The Office for National Statistics (ONS) said that UK retail sales volumes rose 1.8 per cent in March, with the warm weather helping to boost sales of clothing, footwear and gardening products. Sales in clothing and shoe shops were up by 2.8 per cent on the month.
Petrol sales also contributed to the rise. So, ironically, we should be thanking minister Francis Maude for advising people to fill up their jerry cans and sparking nationwide panic-buying.
The bumper UK retail sales buoyed sterling to a five-month high against the dollar and a 20-month high versus a trade-weighted basket of currencies as investors become more optimistic about the outlook for the UK economy.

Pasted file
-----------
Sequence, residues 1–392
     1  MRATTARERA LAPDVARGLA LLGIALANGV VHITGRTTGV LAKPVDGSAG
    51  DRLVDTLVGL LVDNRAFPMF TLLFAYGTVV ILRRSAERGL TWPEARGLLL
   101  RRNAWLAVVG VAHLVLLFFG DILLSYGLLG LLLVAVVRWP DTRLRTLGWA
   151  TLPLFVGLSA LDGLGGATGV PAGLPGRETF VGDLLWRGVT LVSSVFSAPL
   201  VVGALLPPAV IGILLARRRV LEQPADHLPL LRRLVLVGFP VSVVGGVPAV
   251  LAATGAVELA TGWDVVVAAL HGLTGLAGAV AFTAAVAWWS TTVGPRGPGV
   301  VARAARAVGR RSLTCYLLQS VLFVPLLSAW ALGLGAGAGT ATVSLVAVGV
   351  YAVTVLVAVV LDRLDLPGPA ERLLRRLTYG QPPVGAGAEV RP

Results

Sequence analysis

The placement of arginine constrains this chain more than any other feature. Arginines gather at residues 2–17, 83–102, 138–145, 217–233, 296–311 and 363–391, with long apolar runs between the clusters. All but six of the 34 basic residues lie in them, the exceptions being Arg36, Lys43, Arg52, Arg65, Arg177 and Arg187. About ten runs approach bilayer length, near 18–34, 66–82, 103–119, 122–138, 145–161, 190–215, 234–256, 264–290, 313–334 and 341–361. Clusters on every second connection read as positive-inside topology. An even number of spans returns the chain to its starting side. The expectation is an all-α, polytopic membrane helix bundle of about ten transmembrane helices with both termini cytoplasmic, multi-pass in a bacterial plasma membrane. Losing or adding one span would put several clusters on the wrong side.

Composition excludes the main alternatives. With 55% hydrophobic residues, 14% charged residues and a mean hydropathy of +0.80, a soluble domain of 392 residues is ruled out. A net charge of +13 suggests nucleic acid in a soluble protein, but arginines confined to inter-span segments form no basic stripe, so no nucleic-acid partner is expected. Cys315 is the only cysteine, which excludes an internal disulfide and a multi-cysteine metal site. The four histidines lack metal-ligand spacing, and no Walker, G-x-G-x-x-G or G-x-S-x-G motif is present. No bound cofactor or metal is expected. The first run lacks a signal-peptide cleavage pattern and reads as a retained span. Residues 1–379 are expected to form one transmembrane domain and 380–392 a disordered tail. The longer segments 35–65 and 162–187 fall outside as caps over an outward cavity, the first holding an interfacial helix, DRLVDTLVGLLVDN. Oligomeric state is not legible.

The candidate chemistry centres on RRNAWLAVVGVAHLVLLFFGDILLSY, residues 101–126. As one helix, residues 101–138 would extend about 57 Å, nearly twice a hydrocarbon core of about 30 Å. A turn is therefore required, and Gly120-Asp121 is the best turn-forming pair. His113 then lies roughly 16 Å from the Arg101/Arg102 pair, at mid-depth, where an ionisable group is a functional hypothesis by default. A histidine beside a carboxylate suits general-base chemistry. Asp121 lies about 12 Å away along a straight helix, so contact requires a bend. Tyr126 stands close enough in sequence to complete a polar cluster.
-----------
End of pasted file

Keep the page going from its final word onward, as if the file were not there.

Richard Lowe, head of retail and wholesale at Barclays, told the Guardian: “The tide may finally be turning for the high street, and with unemployment falling there is certainly a feeling the stability of the past few months is here to stay.”
The news will boost hopes ahead of this week’s official figures on economic growth.
The ONS’s first-quarter figures, which will be released on Wednesday morning, will provide a particularly crucial snapshot of the economy this time around. GDP contracted by 0.3 per cent in the final quarter of 2011 – two successive quarters of negative growth spell a technical recession in Britain and a major political headache for the Coalition.
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